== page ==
Abby - I mailed your book out today!

    Jenifer - Oooooo mini muffins. I'll have to try those ;)

    Dawn - Sounds like you have a great attitude about critiques. I think I can handle "meanness" in regards to my writing better than I handle it in life in general.

    Claudine - So good to see you here! I'm so glad you got the google account and can join in the conversation here. Yay! I'm still soft spoken and shy too, but writing is good for toughening us up, isn't it?! I believe it has really made me a better person.

    Ani - middle school and high school were tough for sure. I hated those years. If we could make it through that, we can handle anything! ;)

    Julie - I hadn't thought of it in terms of parenting before. I guess there are many different ways we can learn the same lesson.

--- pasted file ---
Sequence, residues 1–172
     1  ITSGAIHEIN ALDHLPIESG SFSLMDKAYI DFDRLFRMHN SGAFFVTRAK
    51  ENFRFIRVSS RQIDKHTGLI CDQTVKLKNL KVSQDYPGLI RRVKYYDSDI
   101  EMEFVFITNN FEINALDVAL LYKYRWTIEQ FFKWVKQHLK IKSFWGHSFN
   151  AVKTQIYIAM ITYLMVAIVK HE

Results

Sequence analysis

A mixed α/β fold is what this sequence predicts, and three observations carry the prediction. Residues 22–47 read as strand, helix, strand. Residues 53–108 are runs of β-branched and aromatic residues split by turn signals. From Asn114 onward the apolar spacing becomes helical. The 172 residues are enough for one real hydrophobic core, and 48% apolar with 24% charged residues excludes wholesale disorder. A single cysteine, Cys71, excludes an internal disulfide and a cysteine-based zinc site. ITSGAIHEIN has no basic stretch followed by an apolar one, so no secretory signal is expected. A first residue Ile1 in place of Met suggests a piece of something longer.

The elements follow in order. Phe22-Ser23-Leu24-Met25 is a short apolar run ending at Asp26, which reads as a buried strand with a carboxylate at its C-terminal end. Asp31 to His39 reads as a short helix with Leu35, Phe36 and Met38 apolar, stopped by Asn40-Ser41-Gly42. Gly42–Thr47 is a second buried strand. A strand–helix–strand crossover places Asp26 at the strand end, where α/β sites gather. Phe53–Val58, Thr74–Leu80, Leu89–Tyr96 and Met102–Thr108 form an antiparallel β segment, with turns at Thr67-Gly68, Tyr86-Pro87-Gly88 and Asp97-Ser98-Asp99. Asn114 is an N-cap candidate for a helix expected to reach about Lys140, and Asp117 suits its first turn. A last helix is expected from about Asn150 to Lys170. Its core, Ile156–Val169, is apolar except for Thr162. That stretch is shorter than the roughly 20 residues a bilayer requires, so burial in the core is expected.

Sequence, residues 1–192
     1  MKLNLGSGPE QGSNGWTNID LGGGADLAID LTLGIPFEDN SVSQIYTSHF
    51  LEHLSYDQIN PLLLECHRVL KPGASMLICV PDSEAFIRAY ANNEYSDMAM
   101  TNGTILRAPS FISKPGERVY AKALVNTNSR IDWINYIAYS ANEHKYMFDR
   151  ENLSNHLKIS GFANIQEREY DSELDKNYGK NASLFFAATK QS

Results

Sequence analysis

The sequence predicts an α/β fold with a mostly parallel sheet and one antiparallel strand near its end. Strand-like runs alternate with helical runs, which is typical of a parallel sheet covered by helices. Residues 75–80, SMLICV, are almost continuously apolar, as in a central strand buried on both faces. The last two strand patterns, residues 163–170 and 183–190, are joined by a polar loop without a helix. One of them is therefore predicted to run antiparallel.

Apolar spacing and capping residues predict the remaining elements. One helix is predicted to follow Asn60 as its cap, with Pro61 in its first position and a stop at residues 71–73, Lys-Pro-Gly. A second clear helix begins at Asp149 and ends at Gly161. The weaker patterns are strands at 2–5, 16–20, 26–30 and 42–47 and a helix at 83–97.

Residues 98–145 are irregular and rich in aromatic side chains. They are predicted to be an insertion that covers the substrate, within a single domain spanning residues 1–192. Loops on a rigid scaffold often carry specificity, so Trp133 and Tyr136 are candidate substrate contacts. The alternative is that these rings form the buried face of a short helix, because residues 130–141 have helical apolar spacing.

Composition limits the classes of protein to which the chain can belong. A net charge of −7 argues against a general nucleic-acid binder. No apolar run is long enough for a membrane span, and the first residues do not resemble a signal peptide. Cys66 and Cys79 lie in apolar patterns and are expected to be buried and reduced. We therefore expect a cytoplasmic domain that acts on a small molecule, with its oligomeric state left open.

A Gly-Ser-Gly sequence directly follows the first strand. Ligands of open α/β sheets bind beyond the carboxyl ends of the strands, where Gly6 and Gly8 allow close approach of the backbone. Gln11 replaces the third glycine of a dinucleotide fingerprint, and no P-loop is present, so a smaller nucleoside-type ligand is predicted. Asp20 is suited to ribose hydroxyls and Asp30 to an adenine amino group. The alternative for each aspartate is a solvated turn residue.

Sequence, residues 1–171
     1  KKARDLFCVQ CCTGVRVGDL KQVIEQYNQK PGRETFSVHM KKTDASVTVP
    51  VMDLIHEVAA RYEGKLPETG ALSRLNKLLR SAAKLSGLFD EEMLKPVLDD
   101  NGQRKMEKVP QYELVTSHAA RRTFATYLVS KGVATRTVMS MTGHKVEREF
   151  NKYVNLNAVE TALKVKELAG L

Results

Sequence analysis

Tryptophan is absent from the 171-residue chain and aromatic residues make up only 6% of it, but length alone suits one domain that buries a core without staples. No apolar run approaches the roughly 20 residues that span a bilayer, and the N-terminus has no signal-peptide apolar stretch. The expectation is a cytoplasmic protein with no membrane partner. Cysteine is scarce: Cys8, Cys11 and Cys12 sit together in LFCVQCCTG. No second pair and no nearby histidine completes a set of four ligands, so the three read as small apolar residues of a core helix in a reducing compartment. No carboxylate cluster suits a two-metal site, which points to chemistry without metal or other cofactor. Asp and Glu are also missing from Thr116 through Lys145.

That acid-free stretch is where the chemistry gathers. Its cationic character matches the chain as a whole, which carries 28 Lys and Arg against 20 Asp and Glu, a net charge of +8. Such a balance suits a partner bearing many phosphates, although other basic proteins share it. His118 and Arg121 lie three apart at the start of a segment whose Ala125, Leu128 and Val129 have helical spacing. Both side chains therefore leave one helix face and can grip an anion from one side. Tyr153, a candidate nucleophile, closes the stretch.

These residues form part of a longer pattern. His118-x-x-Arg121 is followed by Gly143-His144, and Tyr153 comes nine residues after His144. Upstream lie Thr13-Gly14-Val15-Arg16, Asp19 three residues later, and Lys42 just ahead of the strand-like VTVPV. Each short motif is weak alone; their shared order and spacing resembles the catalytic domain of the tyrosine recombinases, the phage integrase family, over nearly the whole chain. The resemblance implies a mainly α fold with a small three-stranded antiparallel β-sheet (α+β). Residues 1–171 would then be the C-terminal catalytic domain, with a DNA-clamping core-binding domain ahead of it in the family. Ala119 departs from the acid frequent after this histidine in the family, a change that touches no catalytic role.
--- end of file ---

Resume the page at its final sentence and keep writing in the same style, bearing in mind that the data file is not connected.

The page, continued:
C. Lee - Imaginative, I'm glad you think so. Yes, I'll spin it like that next time my kids roll their eyes at me. Not quirky or strange - imaginative!

    Susanna - Another tiny snack lover. Yay!

  16. Congrats on the awards! I had to laugh about the PB&J thing. Too funny because it sounds like something I would do.

  17. I love elephants! I try to emulate them and keep my thick skin firmly in place, but it's tough (oops, pun NOT intended). Congrats on the awards and congrats to the book winners!

  18. Kelly - Thanks. Yeah, one day I will try the peanut butter and jelly together - maybe.

    Brooke - Thanks. And good for you on that thick skin!

  19. Becoming a journalist thickened up my skin in a hurry. Between the editorial slash sessions and the p.o.'d people who didn't like the story and the flamethrowing blog commenters, well, there was no time to even think about whether my feelings were hurt. The downside is, when you have thick skin, you kind of expect everyone else to have it too, so you tend to be a bit more, well, blunt. Which is not always appreciated.